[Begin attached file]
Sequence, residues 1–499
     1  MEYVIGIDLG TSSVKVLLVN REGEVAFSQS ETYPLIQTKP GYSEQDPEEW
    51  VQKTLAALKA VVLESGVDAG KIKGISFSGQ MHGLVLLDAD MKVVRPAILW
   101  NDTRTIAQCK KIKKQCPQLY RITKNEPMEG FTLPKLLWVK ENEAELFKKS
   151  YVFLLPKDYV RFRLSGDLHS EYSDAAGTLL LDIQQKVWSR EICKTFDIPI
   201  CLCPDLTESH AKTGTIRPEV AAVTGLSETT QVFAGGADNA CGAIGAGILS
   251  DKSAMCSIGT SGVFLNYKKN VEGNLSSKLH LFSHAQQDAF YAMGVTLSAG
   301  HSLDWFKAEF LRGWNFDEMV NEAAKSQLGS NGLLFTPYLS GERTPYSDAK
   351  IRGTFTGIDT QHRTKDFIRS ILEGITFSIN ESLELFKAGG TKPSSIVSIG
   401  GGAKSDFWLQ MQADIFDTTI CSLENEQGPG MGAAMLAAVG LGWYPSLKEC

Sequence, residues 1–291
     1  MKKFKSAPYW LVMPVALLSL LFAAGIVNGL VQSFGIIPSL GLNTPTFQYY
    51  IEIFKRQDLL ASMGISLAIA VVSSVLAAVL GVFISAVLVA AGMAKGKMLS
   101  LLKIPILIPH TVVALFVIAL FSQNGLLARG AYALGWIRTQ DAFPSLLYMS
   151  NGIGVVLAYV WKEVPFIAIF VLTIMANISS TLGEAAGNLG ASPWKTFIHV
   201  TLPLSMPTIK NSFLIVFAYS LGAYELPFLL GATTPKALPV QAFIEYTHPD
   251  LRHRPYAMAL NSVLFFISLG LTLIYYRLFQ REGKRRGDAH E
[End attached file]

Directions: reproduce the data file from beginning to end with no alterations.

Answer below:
Sequence, residues 1–499
     1  MEYVIGIDLG TSSVKVLLVN REGEVAFSQS ETYPLIQTKP GYSEQDPEEW
    51  VQKTLAALKA VVLESGVDAG KIKGISFSGQ MHGLVLLDAD MKVVRPAILW
   101  NDTRTIAQCK KIKKQCPQLY RITKNEPMEG FTLPKLLWVK ENEAELFKKS
   151  YVFLLPKDYV RFRLSGDLHS EYSDAAGTLL LDIQQKVWSR EICKTFDIPI
   201  CLCPDLTESH AKTGTIRPEV AAVTGLSETT QVFAGGADNA CGAIGAGILS
   251  DKSAMCSIGT SGVFLNYKKN VEGNLSSKLH LFSHAQQDAF YAMGVTLSAG
   301  HSLDWFKAEF LRGWNFDEMV NEAAKSQLGS NGLLFTPYLS GERTPYSDAK
   351  IRGTFTGIDT QHRTKDFIRS ILEGITFSIN ESLELFKAGG TKPSSIVSIG
   401  GGAKSDFWLQ MQADIFDTTI CSLENEQGPG MGAAMLAAVG LGWYPSLKEC

Sequence, residues 1–291
     1  MKKFKSAPYW LVMPVALLSL LFAAGIVNGL VQSFGIIPSL GLNTPTFQYY
    51  IEIFKRQDLL ASMGISLAIA VVSSVLAAVL GVFISAVLVA AGMAKGKMLS
   101  LLKIPILIPH TVVALFVIAL FSQNGLLARG AYALGWIRTQ DAFPSLLYMS
   151  NGIGVVLAYV WKEVPFIAIF VLTIMANISS TLGEAAGNLG ASPWKTFIHV
   201  TLPLSMPTIK NSFLIVFAYS LGAYELPFLL GATTPKALPV QAFIEYTHPD
   251  LRHRPYAMAL NSVLFFISLG LTLIYYRLFQ REGKRRGDAH E